I once read something written by Bob Moorehead; He said that, ‘The paradox of our time in history is that we have taller buildings but shorter tempers, wider freeways but narrower viewpoints.
‘We spend more, but have less, we buy more but enjoy less. We have bigger houses and smaller families, more conveniences, but less time. We have more degrees but less sense, more knowledge but less judgment, more experts, yet more problems, more medicine, but less wellness. We have multiplied our possessions, but reduced our values.
‘We have learned to make a living, but not a life. We have added years to life not life to years. We have conquered outer space but not inner space. We have done larger things but not better things. We have cleaned up the air, but polluted the soul. We have conquered the atom, but not our prejudice.’
So I started thinking, how true are these statements to the architect?
Architecture, I am told, requires that material, technology, light and shadows are manipulated in the most creative manner, in order to produce buildings and physical structures that are the cultural symbols of the places they are built. And this is true. Ask any archaeologist and they will tell you that the ruins of an ancient city are indispensable.
That reminds me of ancient Rome’s aqueducts and its latrine system, which is irrevocable proof that the Romans valued their hygiene. I wonder what our descendants will think of us a few centuries from now when they’re digging up our remains and find non-biodegradable paper-bags full of feaces: They would probably think the packing of feaces was quite fashionable then.
I daresay I would turn in my grave if my descendants misinterpreted our culture as such. However, 200 years from now, I think they would be shocked at the economic inequalities that exist in our current age. The paper bags would just be proof. I digress…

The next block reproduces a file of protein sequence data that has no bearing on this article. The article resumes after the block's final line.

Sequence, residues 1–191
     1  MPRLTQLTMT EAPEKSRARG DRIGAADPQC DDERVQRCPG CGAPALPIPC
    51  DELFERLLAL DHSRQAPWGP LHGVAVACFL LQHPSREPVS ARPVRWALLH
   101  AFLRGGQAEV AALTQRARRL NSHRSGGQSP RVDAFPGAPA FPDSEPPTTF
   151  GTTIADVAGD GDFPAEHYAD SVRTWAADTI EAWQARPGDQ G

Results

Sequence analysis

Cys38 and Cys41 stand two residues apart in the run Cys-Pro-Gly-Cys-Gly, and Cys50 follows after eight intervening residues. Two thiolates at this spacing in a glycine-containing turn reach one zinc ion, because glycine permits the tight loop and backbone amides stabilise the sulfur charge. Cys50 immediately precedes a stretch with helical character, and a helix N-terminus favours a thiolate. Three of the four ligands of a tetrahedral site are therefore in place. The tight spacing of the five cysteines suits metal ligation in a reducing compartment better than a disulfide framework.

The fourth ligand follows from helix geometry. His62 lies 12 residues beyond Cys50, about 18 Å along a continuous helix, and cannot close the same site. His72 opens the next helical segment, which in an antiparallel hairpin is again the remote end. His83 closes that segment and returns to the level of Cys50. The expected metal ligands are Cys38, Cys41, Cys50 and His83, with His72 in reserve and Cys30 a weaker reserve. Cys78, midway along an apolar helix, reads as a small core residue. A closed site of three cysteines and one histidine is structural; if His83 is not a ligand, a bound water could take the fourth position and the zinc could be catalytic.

Architectural history is full of examples of man conquering the severest of odds to achieve what Vitruvius stated in the 1st Century AD: The principles of a good building are firmitas, utilitas and venustas (by the way I just put that in to impress my editor); the words are latin for durability, utility and beauty.
So clearly, buildings, as long as architects shall live, will continue to be more durable, more functional and more beautiful. Is this the condition of the people who use, live, design or work in these buildings? Is your personal legacy more durable? What is your gift to the World? Are you more useful? Are you more beautiful?
The American architect Louis Sullivan once said that “form follows function” (of course you may be aware that the statement is often credited to Horatio Greenough, but it was Sullivan who said it) and that statement is now a principle in architecture. It is also a principle (that should be) in life: just the same way that the shape of a building is based on its intended function or purpose, so should one’s life. Life should be shaped by purpose.
I like what Fidel Castro once said (he wasn’t referring to buildings) he said that “the ever more sophisticated weapons piling up in the arsenals of the wealthiest and mightiest can kill the illiterate, the ill, the poor and the hungry, but they cannot kill ignorance, illness, poverty or hunger. Man by nature surmounts complexities;
KCB’s Kipande House was the tallest building in Nairobi when Gurdit Singh designed it in the 1930s. 38 years later, Solel Boneh & Factah completed the KICC, a building which gave a 360 degree panoramic view of Nairobi in 76 minutes.
I will freely tell you this though: the same view of poverty, desperation, disease, inequality and crime that existed in 1935 is the same view that we now see from the KICC; it’s just at a different angle.
| The article is a guest post written for A Chiselled Cornucopia by my best buddie, Joseph Kongoro @josekongoro